I think this film turned out to be a real experiment between picture and sound. Obviously sound and music plays a vital role in film, but Have Heart depends on its so intensely due to its visual sparseness.


Last time we spoke to you for Short of the Week, we were discussing your film Monkey Love Experiments, which you created with your White Robot partner Ainslie Henderson. Your latest film is a solo project, how does your creative process differ when collaborating with someone else from working on your own?

Ainslie and I do work together on several projects and films, but we also work on our own too. That said we aren’t ever particularly far away from each other in terms of our ideas and often help each other through them, even in small ways. Ainslie was certainly there for me when I was lost with this film… which I most certainly was at times.

Working with someone else enables you to discuss and reason your way through creative challenges, and personally I enjoy it more that way. But working on your own gives you more control I guess. Not always a good thing, but for Have Heart I guess it was necessary in terms of it being an entirely digital film, where i’m much more in my comfort zone. I’m not in my comfort zone working on a hairy stop-motion film, but that brings out other sides of creativity I think one maybe didn’t know where there.


Have Heart has had a healthy festival run, but also feels like a film perfectly suited for online. Do you give any consideration to how an audience will view your film when creating it and do you think the different viewing experiences will alter the effectiveness of your film?

Haha we’ll see! It’s a challenging film I think. Its over 12mins, so it’ll be interesting to see how it goes online, particularly as it’s talking about, and testing what our attention spans are these days. In terms of how audiences view them when making, I guess I assumed that with this it would be for online first actually. But as the film grew it became more clear that I wanted it to be viewed more cinematically.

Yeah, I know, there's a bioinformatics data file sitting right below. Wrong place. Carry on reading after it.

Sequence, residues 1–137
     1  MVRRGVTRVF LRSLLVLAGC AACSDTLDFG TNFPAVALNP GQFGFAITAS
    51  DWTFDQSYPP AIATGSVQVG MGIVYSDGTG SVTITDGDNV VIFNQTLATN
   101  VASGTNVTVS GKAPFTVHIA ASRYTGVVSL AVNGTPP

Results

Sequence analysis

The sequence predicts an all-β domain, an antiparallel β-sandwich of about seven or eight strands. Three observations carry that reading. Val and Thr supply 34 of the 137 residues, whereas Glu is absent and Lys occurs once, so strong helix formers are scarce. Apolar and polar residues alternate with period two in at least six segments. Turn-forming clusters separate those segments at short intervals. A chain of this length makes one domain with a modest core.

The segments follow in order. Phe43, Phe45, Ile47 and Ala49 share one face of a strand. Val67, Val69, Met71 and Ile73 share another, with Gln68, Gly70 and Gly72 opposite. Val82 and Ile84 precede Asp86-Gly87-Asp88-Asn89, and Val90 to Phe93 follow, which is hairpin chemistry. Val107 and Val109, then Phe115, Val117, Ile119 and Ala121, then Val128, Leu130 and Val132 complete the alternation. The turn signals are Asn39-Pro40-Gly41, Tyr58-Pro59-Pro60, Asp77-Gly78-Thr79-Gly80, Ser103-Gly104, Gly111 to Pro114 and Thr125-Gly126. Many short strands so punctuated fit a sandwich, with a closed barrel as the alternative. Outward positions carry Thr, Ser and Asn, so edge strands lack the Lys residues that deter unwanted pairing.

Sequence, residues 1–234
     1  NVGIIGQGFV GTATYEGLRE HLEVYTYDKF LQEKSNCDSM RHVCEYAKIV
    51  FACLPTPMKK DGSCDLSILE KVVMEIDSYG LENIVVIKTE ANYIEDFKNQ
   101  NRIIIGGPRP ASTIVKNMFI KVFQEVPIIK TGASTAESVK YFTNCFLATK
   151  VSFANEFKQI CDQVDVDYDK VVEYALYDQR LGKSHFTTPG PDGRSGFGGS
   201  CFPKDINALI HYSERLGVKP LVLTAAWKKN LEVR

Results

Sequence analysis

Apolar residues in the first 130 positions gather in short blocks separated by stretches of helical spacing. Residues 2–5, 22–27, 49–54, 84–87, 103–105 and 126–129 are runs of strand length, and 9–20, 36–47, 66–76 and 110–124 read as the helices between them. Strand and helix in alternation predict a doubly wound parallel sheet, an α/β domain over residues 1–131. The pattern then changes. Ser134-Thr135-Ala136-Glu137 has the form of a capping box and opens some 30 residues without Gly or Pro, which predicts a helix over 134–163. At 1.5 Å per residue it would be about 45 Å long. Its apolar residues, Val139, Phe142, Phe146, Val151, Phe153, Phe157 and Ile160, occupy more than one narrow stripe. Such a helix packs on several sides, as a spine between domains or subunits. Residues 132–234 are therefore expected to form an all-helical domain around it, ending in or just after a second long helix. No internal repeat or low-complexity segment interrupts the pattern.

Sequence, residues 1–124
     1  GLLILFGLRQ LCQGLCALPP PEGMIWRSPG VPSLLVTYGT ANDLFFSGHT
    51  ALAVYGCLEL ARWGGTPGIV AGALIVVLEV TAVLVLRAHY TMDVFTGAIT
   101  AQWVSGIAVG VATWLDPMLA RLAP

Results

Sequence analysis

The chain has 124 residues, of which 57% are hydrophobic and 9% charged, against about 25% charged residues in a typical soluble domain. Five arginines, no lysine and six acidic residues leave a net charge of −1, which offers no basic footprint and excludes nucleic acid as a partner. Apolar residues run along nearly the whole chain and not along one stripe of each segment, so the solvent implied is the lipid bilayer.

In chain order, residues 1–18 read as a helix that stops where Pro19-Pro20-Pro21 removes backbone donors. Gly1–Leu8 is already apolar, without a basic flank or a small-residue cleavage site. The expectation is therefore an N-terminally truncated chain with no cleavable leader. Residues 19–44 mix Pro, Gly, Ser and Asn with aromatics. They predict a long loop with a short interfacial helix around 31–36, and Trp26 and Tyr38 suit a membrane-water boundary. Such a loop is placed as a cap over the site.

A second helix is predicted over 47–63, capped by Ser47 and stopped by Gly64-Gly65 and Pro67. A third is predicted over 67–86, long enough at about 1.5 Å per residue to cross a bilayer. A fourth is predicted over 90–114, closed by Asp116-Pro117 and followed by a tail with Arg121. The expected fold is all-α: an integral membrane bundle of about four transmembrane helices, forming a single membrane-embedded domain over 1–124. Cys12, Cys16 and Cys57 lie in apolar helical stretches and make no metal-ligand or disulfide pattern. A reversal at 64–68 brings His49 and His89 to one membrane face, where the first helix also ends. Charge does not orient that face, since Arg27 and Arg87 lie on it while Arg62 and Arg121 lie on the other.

“I think it seems to work quite well in festival environment because it doesn’t look like its visually ‘for’ there”

I think also that its a film that benefits from being trapped in a cinema watching it… online you can just close the window and ignore it. Weirdly I think it seems to work quite well in festival environment because it doesn’t look like its visually ‘for’ there. But please don’t close the window guys! Watch it through!! :)

Your work has seen you pick up a BAFTA, Scottish BAFTA and awards at festivals including Annecy, Edinburgh, what has this acclaim meant for work? Does winning high profile awards like that BAFTA open up new opportunities?

It’s hard to quantify exactly what it does in terms of work, but it certainly does reassure me that the things I am doing and talking about with my work are important, and that some people are enjoying them! What it doesn’t mean is that you can stop and things will just come to you… it means you should keep going.


What are you working on next?

Over the last few years I’ve been making a hybrid documentary with Ainslie Henderson and the Scottish Documentary Institute. It mixes fact and fiction when an animator is faced with his mothers mortality out of a cancer scare.

It’s an emotional, personal and strange film, which we are really excited to finish and share next year. There will certainly be themes from the shorts we’ve made in there.